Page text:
Hellooooo, ladies and lads! It’s been awhile, and mostly due to the fact that I went to SPAIN! (and Portugal obviously since this blog post is about the Camino Portugues…)
But before I share my lovely experiences about Spain, the Camino, and Santiago, I wanted to get something out of the way first. I landed in Spain 1 hour before the terrorist attack happened. When all was said and done, I ended up less than a mile away from La Rambla when it happened. I know, I know, I know, the terrorist attack in Barcelona was absolutely horrific. My heart goes out to all of those immediately affected. But the bright side is the lovely Catalans, and the rest of the world for that matter, stayed strong through it all. I am so relieved that everyone is continuing on in their life; it is truly heartwarming and just goes to show this world is also full of love and resilience.
Ok, now the fun stuff! So we spent a couple of days in Barcelona doing the touristy things like La Sagrada Familia, Parc Guell, El Born, you know, the places that all of the travel sites say you have to go to. Then we took a flight over to the wonderful Portugal!
Porto was an absolute dream. I would definitely put this gorgeous lake town on your to-do list of visiting the world. Before this trip, I had no desire to travel to Portugal, but I am glad I decided to go. The Portuguese are the sweetest, the views are incredible, and the port is perfect!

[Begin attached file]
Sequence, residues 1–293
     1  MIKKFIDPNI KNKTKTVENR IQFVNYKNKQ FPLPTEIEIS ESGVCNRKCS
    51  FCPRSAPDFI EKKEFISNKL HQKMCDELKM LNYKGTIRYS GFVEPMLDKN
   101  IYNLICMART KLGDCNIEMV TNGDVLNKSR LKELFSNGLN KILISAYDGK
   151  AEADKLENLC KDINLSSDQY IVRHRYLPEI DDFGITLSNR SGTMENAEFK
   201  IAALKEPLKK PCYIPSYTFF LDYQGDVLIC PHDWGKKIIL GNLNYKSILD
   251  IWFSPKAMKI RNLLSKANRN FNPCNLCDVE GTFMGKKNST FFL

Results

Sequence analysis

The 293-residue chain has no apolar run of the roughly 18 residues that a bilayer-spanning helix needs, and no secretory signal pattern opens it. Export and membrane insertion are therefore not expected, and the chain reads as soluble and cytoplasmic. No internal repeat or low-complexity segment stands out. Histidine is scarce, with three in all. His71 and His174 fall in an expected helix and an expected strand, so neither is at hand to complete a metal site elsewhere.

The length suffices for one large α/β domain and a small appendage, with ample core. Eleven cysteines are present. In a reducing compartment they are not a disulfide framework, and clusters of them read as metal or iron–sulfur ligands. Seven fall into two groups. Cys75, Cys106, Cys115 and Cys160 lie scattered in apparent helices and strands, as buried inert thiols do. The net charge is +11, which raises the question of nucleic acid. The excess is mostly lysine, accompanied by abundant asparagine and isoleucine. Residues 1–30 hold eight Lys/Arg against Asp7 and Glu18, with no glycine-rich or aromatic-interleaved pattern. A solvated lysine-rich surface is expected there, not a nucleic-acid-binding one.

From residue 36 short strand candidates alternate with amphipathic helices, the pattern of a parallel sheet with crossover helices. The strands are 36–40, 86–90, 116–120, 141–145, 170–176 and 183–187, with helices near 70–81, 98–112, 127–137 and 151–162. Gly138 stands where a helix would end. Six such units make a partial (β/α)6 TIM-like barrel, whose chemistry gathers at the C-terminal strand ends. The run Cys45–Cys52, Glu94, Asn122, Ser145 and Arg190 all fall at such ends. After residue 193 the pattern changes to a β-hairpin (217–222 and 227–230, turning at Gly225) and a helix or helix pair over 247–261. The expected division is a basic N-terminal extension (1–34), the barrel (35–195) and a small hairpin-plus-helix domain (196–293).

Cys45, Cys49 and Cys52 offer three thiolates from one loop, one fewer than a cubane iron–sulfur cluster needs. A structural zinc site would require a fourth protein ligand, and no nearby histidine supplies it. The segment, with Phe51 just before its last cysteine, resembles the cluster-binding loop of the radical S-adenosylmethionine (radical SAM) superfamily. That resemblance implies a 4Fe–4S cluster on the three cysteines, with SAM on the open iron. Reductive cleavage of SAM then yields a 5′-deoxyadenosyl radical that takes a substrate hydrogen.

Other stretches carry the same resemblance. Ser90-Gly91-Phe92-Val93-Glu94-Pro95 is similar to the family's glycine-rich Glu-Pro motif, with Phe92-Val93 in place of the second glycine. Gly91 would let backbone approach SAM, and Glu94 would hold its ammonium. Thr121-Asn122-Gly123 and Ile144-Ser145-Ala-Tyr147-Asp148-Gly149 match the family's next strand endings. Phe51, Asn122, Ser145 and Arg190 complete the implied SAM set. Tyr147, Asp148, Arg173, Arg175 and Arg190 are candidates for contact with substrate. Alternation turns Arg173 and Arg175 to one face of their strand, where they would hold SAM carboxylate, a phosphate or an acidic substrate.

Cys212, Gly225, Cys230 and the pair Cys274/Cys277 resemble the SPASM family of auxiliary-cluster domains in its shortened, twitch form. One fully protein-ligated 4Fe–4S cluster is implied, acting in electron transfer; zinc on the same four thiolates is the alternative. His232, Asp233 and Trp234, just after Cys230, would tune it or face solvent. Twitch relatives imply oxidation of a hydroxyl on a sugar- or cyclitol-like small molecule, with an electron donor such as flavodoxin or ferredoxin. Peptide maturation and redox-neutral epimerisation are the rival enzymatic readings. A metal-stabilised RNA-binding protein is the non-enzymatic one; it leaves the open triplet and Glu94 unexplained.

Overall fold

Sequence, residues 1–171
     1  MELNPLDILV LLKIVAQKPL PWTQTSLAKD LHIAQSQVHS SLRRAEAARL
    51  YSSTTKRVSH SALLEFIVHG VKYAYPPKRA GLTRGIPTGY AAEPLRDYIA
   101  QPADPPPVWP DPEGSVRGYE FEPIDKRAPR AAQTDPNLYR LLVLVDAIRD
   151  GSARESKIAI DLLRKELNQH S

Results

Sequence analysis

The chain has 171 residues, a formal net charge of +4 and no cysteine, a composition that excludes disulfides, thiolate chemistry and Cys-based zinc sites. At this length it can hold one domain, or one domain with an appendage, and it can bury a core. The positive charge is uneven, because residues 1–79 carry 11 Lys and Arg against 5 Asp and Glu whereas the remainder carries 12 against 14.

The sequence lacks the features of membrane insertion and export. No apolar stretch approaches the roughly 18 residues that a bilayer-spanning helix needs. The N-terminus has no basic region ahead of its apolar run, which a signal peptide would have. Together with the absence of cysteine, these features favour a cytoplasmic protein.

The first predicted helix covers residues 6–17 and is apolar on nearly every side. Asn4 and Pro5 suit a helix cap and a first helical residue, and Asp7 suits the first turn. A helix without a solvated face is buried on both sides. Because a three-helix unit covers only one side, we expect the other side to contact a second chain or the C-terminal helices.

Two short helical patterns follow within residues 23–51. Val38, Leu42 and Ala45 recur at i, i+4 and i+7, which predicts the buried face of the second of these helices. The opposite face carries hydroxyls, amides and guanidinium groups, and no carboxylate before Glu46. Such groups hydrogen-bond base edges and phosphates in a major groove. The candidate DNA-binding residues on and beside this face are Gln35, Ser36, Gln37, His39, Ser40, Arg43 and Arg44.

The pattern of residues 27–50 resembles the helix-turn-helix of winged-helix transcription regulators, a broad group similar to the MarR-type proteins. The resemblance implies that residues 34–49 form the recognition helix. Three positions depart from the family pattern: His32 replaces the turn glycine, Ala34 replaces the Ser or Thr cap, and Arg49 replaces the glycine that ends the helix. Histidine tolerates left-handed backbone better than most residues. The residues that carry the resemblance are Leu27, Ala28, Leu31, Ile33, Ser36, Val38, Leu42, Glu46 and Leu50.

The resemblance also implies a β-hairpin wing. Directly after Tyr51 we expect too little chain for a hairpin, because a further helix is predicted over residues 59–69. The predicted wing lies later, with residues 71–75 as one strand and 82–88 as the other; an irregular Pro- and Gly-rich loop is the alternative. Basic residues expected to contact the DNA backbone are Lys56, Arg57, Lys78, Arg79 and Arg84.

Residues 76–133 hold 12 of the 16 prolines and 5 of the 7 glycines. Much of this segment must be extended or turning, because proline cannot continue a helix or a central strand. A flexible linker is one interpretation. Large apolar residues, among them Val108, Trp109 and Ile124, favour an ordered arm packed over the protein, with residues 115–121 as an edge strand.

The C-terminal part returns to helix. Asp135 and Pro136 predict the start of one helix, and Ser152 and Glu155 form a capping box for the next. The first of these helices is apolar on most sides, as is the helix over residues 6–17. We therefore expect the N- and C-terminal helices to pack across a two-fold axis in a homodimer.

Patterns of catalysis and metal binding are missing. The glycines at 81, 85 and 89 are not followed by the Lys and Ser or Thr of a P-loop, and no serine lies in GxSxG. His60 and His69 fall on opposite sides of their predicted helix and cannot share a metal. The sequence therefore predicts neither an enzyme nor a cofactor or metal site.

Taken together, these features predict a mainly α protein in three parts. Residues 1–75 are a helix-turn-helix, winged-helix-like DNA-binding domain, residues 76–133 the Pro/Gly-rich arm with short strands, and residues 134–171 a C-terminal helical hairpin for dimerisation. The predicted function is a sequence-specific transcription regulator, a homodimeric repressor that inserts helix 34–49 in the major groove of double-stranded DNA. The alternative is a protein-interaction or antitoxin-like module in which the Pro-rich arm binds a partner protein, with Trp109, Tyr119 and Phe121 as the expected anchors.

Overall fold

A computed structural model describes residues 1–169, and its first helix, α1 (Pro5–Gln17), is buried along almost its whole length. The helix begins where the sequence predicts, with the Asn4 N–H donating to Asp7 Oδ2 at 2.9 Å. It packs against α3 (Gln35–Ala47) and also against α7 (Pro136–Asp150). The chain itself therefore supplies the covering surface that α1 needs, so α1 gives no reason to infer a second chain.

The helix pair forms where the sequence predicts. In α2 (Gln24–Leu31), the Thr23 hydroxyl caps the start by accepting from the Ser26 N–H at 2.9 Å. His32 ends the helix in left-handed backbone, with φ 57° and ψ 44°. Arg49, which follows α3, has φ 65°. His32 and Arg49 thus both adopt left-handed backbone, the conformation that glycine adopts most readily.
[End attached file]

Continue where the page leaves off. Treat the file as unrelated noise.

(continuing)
Unfortunately, we only had half a day in Porto before we were on our next adventure. There are plenty of sites talking about all the things to do here, but if you only have an afternoon, definitely visit the places I went to! Aside from just walking around town, it is worth it to see the Porto train station, the Douro, and walk across the infamous Dom Luis bridge. The bridge is up HIGH, but it was absolutely worth it to cross.
Another great thing to do in Porto is to taste the wine! We only had a bit of port, but we also had some great sangria alongside the river. The restaurants here are chock full of great seafood and drinks. They also offer great views of the river!
After our lovely evening in Porto, it was off to the camino! I think we did a total of 60 miles on our trip, starting with the Camino Portugues. Our first leg was from just outside of Porto to Ponte de Lima, Portugual.
Even though we had all day to walk 10 miles, we needed it! The weather chose to be around 95°F when we were walking, so it was pretty exhausting. If I could do this trip over, I would definitely recommend hiking the camino in a month other than August. The heat made it unbearable at times.
Once we finally made it to Ponte de Lima, we were tired and overheated. I wish we had more time to explore this cute river town. From what we did explore, I can tell you right now that the seafood is amazing! In fact, this whole trip had amazing seafood. Another thing about Ponte de Lima was the history along with it. There were so many old buildings to explore. We were also there during their market day and it took up almost two whole streets! The giant market would have been fun to explore, but we were on a schedule. My takeaway from the first day was to enjoy the walk, but also do this hike at a different time of the summer and to leave more time to explore bigger towns like Porto and Ponte de Lima. This was a common thing for me, as I wish we had more time to explore Santiago, but more on that later.
Before we moved from Portugal to Spain, we gained some elevation to this gorgeous mountain. At the top, we overlooked this valley full of trees and it was well worth the climb. Labruja mountain is on the way of St. James, so it isn’t hard to find if you follow the camino Portugues.